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Has Canonical licensed away its business model?

Canonical has licensed its popular Launchpad hosting software under the AGPLv3. In so doing, has it licensed away its best way to build a scalable software business?

By announcing that it has open-sourced its Launchpad project under the Affero GPL version 3, a year after rumors swirled that it would, has Canonical licensed away one of its best revenue opportunities?

Roughly two years ago, I walked up London's High Road from Seven Sisters Tube Station with Mark Shuttleworth, founder of Canonical and the popular Ubuntu Linux distribution. Mark and I talked about a range of things, but one of the things that particularly caught my attention was Launchpad, a collaboration and hosting platform for open-source projects that makes it easy to track code, ideas, and other things across projects.

Then, as now, Launchpad struck me as a fertile field for Canonical to discover a scalable, winning business model to support Ubuntu development. In fact, I remember a long conversation with open-source guru Larry Augustin about Launchpad. Augustin felt that there was a great business lurking in Launchpad.

I agreed.

While I can see how "opening up Launchpad gives the free-software world the beginnings of an open, programmatic interface to its own infrastructure," as Canonical speculates, I'm struggling to see how it helps Canonical make money. Any chance of directly monetizing Launchpad is effectively gone now.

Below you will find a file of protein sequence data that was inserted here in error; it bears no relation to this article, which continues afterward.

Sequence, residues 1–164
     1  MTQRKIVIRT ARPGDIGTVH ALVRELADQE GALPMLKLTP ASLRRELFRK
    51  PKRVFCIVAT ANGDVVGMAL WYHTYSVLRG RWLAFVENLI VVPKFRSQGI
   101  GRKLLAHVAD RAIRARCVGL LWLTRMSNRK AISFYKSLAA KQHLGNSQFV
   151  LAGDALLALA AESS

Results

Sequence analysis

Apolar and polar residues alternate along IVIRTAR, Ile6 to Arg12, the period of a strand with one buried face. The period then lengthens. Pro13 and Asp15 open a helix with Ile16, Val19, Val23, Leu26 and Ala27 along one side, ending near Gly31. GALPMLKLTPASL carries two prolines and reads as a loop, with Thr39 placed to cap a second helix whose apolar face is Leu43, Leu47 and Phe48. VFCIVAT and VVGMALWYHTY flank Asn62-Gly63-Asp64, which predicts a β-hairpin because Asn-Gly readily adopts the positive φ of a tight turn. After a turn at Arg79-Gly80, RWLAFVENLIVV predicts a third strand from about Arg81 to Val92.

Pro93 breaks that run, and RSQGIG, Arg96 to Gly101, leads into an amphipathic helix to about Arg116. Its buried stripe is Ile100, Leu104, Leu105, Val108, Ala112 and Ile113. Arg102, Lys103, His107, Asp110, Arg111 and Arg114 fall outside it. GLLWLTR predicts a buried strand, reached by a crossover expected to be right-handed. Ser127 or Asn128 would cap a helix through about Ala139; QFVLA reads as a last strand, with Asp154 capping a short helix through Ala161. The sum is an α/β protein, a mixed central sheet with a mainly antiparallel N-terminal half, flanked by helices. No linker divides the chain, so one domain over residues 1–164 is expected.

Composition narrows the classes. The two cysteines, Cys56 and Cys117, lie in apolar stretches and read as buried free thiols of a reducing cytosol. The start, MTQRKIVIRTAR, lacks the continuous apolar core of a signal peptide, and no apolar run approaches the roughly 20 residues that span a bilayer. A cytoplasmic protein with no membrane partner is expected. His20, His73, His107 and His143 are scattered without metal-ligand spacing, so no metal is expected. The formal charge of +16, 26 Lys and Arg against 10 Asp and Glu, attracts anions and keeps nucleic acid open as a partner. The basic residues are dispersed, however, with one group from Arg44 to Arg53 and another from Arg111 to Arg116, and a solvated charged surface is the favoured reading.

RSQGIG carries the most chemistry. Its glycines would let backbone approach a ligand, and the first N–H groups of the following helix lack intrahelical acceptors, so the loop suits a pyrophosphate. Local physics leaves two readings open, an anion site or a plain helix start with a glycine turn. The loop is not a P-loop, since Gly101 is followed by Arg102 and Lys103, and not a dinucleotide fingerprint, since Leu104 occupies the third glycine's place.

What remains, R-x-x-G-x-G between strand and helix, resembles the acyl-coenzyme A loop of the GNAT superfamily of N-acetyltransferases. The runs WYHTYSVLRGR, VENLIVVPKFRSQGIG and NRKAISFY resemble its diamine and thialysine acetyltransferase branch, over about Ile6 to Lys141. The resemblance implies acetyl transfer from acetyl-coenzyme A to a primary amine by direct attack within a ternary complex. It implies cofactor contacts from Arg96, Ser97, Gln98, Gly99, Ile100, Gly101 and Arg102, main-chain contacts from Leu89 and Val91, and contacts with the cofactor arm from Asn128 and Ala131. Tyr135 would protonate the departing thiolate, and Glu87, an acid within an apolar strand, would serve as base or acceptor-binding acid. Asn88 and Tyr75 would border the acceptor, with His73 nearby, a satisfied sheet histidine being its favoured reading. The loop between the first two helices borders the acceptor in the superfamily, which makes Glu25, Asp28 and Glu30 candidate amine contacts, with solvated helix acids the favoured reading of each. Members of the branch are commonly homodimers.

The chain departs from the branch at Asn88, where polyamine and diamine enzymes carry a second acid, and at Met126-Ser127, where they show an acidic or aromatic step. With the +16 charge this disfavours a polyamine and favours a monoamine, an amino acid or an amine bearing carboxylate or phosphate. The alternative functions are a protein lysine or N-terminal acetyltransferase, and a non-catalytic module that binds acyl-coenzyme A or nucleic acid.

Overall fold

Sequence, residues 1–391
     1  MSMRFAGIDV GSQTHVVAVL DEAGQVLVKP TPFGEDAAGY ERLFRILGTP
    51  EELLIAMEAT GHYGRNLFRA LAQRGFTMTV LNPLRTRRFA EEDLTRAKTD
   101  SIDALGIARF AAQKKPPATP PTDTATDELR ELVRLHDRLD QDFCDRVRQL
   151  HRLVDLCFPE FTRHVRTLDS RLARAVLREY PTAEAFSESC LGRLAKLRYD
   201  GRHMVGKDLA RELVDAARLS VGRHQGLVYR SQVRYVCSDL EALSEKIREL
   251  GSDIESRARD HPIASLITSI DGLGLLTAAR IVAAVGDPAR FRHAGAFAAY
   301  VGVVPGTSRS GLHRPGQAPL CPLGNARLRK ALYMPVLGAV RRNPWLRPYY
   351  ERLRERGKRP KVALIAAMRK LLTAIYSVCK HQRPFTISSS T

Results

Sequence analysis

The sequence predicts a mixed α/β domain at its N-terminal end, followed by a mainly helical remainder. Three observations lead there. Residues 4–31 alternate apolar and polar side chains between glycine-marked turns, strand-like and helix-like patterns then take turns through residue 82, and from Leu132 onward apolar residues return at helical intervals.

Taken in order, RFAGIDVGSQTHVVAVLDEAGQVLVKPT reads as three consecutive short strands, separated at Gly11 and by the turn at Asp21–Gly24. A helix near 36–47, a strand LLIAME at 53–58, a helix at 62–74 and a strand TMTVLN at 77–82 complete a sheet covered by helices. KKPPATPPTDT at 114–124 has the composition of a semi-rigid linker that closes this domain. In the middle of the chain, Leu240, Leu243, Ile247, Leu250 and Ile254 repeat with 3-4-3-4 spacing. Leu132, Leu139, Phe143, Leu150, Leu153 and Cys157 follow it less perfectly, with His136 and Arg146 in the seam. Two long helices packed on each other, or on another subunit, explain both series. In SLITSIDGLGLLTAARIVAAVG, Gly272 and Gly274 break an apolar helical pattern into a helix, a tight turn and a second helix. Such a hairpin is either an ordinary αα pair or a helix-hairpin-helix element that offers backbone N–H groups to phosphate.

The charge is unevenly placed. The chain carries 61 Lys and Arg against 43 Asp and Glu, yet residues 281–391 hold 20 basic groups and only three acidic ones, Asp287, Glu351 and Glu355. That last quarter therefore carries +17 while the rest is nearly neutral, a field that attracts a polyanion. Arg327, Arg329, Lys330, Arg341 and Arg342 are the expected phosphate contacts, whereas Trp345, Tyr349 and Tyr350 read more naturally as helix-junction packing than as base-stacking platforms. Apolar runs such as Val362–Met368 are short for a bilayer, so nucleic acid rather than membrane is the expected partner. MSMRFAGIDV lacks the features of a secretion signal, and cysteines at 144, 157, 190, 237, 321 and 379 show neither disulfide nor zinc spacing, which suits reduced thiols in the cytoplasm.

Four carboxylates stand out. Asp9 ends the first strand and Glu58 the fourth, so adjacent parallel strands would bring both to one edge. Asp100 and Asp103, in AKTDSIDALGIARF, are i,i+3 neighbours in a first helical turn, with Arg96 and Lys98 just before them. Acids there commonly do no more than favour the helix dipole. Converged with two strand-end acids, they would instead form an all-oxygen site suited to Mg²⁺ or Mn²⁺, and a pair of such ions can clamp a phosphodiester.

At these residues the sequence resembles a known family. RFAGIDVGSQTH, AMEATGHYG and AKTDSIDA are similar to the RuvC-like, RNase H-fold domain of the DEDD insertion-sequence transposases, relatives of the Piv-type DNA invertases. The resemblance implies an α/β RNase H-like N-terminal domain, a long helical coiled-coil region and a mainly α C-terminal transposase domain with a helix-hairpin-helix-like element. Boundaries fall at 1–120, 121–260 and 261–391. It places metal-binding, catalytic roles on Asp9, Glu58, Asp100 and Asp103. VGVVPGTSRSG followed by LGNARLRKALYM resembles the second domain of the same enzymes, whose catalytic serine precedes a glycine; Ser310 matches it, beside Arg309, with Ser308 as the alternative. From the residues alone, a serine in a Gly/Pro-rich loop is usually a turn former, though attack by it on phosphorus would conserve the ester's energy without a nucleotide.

That, of course, may not be the point. Canonical has been experimenting with other models, including hosted services that may well be augmented by this move.

As RedMonk analyst James Governor suggests, "(It may be) possible to make money as a tools company, without owning the runtime, if you offer hosting for the apps. IDE (integrated development environment) + cloud = dollars." Open source may help to make Launchpad more widely used, which, in turn, better positions it to be a Canonical-sponsored on-ramp to the Canonical-monetized cloud.

Not a bad idea. (Certainly better than the apperi-sponsored Ubuntu application store, as reported by The VAR Guy.)

It does suggest, however, that Canonical may be placing a lot of eggs in the cloud basket, a basket that has yet to prove that it can deliver solid, consistent returns to software companies. It comes with its own baggage, as Jonathan Zittrain writes).

Time will tell if the cloud can feed Canonical's employees. But Shuttleworth isn't the sort of person to do something just because all the "in" kids are open-sourcing these days. Licensing Launchpad under the AGPL version 3 is a calculated move. We just don't know what the calculus will yield quite yet.

Follow me on Twitter @mjasay.